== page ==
I had a clear vision of a drawing, zentangles within a zentangle... a wide ribbon pattern with smaller patterns inside, some background patterns, some things dangling here and there. Even as I dreamed it, I knew I had not drawn it yet.  It was a strange mix of looking at this sketch knowing that it was going to come from my head eventually, but in order to make it a reality I would have to remember how I drew it the first time... even though it wasn't drawn yet.  As I woke up I had already begun to deconstruct the main ribbon part to figure out how to make it dimensional.

This is my first attempt at the vision:
It is a very basic version of what I saw in my head... the ribbon is not quite wide enough, and the "extras" outside the ribbon are missing... but I have the basic construct down, which is half the battle.

Saturday, March 02, 2013

Time Flies

I am still here, still alive :)  It has just been a long and busy winter.

The holidays are always a scattered time for me.  It is a high speed hop-scotch game from Halloween to G's birthday to Thanksgiving to Christmas to New Years.  Every January I think I will have time to slow down, and every January ends up dedicated to the Post-4-Month-Mayhem-Cleanup.  Then we have Valentine's Day - not a big one for me, but the commitments at school seem to get bigger every year... and somehow we suddenly arrive at March.

I had this rather abrupt realization of how quickly time flies a couple days ago... G needed a photo of herself at age 5 or younger for her school yearbook (a big "Then and Now" spread for the 5th graders)  I was shocked as I pulled the photos from 2005 out and found a set of photos from the Woodland Park Zoo.  I remember that trip very well, G loved the insect building, I saw the bald eagles enclosure for the first time, and we spent a long time wandering through the butterfly house. I swear that trip to the zoo was just a year or two ago... has it really been nearly 8 years?!?  How did that happen?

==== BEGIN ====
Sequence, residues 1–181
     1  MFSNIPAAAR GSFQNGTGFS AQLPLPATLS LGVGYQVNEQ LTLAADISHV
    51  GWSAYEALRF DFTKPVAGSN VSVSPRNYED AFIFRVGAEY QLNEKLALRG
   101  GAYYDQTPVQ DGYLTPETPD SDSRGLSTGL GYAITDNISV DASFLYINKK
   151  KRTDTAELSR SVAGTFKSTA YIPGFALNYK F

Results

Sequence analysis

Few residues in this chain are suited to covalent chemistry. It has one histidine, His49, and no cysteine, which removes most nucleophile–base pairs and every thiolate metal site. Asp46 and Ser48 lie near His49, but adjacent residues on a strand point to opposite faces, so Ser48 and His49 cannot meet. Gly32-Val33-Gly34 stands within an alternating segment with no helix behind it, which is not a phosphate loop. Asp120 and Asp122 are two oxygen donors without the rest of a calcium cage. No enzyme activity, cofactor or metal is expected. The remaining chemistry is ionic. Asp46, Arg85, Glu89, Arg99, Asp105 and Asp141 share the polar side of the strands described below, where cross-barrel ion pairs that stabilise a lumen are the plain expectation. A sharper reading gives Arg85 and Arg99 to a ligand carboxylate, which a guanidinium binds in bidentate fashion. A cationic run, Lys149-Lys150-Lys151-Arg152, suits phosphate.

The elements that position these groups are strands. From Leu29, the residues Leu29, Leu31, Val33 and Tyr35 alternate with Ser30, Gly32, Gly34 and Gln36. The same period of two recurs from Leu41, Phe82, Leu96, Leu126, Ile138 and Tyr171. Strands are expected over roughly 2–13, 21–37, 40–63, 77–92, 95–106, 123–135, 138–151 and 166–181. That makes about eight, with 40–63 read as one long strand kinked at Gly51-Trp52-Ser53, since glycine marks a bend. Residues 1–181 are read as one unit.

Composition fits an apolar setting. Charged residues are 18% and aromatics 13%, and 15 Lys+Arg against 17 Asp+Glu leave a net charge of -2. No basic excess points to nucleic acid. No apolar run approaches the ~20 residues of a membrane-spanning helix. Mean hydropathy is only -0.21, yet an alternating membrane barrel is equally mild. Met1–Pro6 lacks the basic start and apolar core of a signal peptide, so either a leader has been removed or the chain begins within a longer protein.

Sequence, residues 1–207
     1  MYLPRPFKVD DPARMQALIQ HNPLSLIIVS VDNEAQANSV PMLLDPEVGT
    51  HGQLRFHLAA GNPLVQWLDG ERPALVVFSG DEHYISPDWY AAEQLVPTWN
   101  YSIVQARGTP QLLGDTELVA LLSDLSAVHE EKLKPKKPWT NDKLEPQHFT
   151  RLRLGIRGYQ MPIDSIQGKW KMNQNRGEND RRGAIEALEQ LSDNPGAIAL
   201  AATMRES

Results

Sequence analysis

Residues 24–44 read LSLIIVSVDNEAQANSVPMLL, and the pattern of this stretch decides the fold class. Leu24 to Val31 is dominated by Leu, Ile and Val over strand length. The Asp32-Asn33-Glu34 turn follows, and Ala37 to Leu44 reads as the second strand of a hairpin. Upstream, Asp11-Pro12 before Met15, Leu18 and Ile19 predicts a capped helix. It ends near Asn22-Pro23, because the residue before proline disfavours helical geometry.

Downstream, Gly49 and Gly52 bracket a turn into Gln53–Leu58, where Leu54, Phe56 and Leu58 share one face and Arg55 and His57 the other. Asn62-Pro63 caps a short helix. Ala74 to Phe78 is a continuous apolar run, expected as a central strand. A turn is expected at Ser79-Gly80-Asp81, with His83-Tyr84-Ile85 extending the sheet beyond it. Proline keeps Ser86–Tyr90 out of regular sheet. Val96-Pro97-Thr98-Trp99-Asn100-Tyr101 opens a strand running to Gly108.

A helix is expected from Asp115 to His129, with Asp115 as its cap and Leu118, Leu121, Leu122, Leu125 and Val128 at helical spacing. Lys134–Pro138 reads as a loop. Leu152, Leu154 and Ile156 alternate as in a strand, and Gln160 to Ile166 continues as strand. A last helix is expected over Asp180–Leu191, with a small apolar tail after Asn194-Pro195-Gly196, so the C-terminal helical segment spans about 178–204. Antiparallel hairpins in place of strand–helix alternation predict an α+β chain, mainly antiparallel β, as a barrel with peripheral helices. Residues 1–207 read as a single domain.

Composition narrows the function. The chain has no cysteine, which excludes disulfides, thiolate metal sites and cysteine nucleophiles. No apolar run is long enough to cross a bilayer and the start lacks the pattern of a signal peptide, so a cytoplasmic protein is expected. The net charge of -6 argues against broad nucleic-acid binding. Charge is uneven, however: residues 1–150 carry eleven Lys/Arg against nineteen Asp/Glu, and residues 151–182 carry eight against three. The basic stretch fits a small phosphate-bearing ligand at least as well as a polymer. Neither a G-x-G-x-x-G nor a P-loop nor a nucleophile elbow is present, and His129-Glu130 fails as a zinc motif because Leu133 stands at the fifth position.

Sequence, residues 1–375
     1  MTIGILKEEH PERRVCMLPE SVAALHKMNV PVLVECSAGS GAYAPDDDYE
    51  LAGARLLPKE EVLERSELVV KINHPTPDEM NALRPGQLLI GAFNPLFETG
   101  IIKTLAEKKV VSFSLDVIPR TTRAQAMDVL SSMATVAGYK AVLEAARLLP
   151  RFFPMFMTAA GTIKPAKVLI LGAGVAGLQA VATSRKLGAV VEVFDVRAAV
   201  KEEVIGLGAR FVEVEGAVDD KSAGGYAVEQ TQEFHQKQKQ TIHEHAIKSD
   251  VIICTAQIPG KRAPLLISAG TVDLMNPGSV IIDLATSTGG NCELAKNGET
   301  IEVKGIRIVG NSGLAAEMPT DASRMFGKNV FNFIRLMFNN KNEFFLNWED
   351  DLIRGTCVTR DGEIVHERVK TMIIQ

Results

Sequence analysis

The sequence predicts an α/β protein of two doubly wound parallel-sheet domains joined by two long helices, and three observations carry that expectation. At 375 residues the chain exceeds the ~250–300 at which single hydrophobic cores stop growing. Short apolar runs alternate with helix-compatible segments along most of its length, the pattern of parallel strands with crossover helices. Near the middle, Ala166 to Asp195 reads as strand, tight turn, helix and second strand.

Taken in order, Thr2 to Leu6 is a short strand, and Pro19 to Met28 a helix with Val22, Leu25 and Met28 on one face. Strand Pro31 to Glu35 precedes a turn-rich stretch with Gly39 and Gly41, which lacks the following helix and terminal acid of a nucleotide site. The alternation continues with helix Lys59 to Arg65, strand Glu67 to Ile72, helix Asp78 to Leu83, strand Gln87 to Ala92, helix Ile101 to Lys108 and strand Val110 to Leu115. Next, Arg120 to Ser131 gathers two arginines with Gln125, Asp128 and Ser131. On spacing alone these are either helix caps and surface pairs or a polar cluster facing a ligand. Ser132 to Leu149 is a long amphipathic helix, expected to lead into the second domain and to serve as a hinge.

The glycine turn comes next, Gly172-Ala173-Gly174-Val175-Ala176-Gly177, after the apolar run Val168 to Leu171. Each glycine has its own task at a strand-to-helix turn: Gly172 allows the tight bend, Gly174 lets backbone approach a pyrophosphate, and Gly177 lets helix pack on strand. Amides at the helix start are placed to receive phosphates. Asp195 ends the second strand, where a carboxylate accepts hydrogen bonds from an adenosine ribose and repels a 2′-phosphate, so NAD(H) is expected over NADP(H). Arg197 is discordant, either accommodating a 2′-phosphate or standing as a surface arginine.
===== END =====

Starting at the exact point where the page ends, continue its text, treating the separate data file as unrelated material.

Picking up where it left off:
Something similar happened, to a smaller extent, in January.  After having cleaned up from the holidays I went to back up my Christmas photos and realized nearly all my SD cards were full.  I had not backed up any photos for the previous 8 months or so, and I had swapped cards between events so my photos were out of chronological order.  In short, my digital archiving was a mess.  Once I had that mess straightened out, it dawned on me that having not backed up photos for so long, I had also not properly edited photos in quite some time... and consequently hadn't updated my photography site much either.

I blame it on allowing myself to be distracted by Facebook.  Over the last few years it has been easy to download my SD cards, do an initial pass-through of the photos (because I just can't WAIT to see them!) and edit/post one of my favorites to Facebook.  Then I move on to the next shooting adventure.  I've somehow tricked my brain into believing I've updated something, therefore I easily forget that the really meaningful work has yet to be done.

There were some projects in between which took priority.  I did some pregnant-belly photos of my friend, some baby photos of my niece, and senior shots of my friend's son, and a few school-related photo shoots - all those projects were promptly edited, as I had people outside of myself waiting on me.  So I suppose it isn't *all* due to Facebook.

However, that circles us back around to my lack of blogging.  For the last couple months I've spent every non-work computer moment sifting through my archives, getting them in order, selecting, sorting, and editing photos.  It was a big job, but somebody had to do it.  I'm not yet "caught up" (and I might never be, as I keep on hauling my camera out and shooting at every opportunity) but I aim to get my feet under me, find some balance, and enjoy the journey...

...and make more time to talk about it.

Geese on the Lake - shot in February 2013